DEA Improperly Paid Amtrak Worker $850,000 for Passenger Info that It Could Have Gotten for Free.


This is almost beyond belief. Sadly, it's rock-solid reporting from the AP.

The Drug Enforcement Administration paid an Amtrak secretary $854,460 over nearly 20 years to obtain confidential information about train passengers…

The employee was not publicly identified except as a "secretary to a train and engine crew" in a report on the incident by Amtrak's inspector general. The secretary was allowed to retire, rather than face administrative discipline, after the discovery that the employee had effectively been acting as an informant who "regularly" sold private passenger information since 1995 without Amtrak's approval, according to a one-paragraph summary of the matter.

You've got to almost admire the entrepreneurial Amtrak employee. Almost, but not quite (it turns out she was breaking rules not by handing over the info but by doing it without telling her superiors and acting as a paid informant).

But you've got to be totally agog at the DEA for at least two reasons. First, that they were doing this in the first place in what appears to be pretty random fashion.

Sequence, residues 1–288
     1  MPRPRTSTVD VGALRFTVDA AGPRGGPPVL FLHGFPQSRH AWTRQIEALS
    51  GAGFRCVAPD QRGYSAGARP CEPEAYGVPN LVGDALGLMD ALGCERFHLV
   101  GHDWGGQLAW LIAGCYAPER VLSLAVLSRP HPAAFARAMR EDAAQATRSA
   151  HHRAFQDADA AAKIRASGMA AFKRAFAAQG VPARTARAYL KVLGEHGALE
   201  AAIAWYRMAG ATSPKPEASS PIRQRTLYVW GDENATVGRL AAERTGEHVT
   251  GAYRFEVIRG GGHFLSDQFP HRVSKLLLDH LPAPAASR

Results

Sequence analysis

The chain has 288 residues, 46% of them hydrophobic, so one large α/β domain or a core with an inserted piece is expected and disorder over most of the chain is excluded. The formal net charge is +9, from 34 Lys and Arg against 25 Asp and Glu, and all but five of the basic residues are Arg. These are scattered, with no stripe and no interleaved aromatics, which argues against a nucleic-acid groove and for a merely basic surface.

And second, because the "DEA could have lawfully obtained for free through a law enforcement network, The Associated Press has learned" (emphasis added).

And there's this:

Under a joint drug enforcement task force that includes the DEA and Amtrak's own police agency, the task force can obtain Amtrak confidential passenger reservation information at no cost, the inspector general's report said. Under an agreement, Amtrak police would receive a share of any money seized as a result of such drug task force investigations, and Amtrak's inspector general concluded that DEA's purchase of the passenger information deprived the Amtrak Police Department of money it would have received from resulting drug arrests.

Got that?

Read the whole thing.

Via the Twitter feed of Michael Hewlett.

Back in 2001, Reason's Mike Lynch did the math on some of those seizures, including the case of Sam Thach, a Vietnamese immigrant who made the mistake of buying a ticket in cash. Back then, Amtrak's cut was 10 percent of the loot seized. As is often the case in such seizures, it's up to the individual being rolled to prove they are innocent.

Reason on Amtrak.

Reason on DEA.